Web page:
Plastic pipe from manufacturer JM Eagle is on its way to several ports in the continent of Africa as part of the company’s effort to bring clean water for drinking and irrigation to impoverished areas.

Donated and delivered by JM Eagle as part of an effort with the Earth Institute, Columbia University, and Millennium Villages, the more than 277 miles of PVC pipe will serve more than 125,000 people in seven countries in the sub-Saharan region.

“The drinking-water situation in Africa’s underdeveloped countries is dire,” says JM Eagle president and CEO Walter Wang. “Our goal is to reduce the rate of death and disease for the people and also help them become more self-sufficient.”

One in five people in developing countries does not have access to safe drinking water, and 2.2 million people die each year from waterborne illness – 90 percent of them children under 5 – according to world-charity organizations.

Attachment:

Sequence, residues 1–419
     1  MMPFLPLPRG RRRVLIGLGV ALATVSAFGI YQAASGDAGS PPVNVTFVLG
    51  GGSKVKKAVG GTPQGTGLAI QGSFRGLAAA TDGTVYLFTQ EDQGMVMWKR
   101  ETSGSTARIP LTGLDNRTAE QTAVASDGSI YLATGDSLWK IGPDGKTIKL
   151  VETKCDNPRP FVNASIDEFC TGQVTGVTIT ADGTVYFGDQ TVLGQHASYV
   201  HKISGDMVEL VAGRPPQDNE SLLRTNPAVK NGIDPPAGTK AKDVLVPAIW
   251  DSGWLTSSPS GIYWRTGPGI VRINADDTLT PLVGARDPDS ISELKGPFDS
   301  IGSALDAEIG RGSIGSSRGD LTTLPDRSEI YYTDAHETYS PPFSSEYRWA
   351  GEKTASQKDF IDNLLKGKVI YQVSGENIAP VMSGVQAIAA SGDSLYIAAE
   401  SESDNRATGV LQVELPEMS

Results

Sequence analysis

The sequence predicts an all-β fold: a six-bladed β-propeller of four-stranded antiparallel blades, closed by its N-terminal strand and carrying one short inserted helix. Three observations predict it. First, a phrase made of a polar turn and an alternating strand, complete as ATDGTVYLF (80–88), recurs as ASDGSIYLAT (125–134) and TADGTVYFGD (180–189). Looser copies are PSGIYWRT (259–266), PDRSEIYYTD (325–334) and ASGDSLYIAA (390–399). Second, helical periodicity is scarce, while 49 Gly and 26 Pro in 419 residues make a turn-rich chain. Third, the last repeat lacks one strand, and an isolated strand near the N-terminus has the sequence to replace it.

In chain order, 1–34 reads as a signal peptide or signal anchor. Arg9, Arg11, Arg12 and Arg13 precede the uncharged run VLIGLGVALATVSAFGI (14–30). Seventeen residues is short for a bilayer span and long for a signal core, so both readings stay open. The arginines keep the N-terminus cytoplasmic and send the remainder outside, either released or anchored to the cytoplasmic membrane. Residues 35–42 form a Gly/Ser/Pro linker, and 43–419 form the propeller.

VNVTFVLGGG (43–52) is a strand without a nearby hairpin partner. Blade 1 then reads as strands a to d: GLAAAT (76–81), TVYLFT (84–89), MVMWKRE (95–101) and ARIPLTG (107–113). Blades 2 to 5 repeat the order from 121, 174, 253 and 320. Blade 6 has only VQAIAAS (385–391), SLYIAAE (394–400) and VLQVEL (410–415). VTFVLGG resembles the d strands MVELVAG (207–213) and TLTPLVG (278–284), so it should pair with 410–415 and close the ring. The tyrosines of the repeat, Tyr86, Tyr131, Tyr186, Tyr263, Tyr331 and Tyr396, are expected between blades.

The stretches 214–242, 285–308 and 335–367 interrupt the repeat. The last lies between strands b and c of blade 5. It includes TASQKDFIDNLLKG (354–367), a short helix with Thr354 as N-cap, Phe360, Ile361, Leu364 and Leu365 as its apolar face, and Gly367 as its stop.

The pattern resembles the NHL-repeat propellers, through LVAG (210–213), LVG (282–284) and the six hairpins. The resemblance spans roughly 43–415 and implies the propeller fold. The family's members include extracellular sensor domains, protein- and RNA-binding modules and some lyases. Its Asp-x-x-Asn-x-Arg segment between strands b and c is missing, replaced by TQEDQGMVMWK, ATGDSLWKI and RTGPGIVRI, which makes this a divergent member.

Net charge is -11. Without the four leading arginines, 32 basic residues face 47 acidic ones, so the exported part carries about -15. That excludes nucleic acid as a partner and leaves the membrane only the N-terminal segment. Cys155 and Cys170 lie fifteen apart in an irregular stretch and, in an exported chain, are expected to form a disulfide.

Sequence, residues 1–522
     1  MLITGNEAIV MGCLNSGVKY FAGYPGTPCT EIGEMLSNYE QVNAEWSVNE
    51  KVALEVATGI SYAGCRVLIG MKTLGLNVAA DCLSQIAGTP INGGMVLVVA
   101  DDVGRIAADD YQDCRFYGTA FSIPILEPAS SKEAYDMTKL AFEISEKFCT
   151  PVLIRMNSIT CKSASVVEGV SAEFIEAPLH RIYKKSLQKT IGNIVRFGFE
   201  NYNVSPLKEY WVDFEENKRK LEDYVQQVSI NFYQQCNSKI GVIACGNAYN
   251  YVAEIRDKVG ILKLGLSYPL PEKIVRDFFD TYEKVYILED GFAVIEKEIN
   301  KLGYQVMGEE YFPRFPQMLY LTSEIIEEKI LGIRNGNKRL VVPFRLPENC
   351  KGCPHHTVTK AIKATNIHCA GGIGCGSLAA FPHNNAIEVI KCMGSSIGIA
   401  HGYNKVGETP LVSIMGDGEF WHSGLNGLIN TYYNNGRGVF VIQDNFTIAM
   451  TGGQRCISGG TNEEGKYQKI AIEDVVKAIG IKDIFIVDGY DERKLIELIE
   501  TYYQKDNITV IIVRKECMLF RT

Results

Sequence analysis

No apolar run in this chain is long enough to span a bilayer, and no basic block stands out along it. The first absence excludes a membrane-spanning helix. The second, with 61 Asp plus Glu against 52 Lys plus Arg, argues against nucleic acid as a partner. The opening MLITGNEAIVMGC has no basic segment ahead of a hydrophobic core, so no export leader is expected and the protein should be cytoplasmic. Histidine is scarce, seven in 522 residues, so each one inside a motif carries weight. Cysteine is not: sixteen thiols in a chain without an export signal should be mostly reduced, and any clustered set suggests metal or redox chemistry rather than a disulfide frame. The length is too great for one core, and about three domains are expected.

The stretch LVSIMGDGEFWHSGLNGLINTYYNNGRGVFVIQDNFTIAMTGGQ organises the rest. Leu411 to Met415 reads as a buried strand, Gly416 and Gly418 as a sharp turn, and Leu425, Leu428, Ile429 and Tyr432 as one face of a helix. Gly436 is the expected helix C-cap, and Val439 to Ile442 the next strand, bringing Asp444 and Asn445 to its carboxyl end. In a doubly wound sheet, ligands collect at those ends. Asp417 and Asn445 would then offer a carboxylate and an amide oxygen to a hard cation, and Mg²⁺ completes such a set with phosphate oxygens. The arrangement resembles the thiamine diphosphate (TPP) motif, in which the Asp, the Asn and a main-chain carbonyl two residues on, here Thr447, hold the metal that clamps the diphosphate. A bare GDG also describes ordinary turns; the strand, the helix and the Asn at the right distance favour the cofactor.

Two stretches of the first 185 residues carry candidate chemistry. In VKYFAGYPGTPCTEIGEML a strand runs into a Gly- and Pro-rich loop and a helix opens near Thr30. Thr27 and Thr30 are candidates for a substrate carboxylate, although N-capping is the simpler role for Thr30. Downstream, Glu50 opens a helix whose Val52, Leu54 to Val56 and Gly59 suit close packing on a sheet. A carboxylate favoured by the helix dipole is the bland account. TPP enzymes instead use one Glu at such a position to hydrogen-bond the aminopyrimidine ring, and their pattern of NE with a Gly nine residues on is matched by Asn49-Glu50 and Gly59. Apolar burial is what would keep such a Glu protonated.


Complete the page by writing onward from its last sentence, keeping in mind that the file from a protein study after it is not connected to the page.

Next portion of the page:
The donation, on ships currently traveling to Africa, follows a $1 million shipment between 2007 and 2008 that brought much-needed clean water to more than 13,000 people in 63 villages in Senegal.

In parts of that country, women and children were spending their days gathering briny water for drinking and cooking and carrying it back to their villages on their heads for miles. Not only was the water causing sickness and death, the method of transporting it prevented them from getting an education.

Today, JM Eagle pipe is carrying clean water to the people and their livestock, as well as irrigating fields for crops.

“It has been a life-changing experience for me to witness the conditions before the pipe and then watch the people in the villages dance for joy at the site of water flowing through the tap,” says Wang. “In aiding the development of the water infrastructure in sub-Saharan Africa, we are providing a long-term, life-changing and sustainable solution.”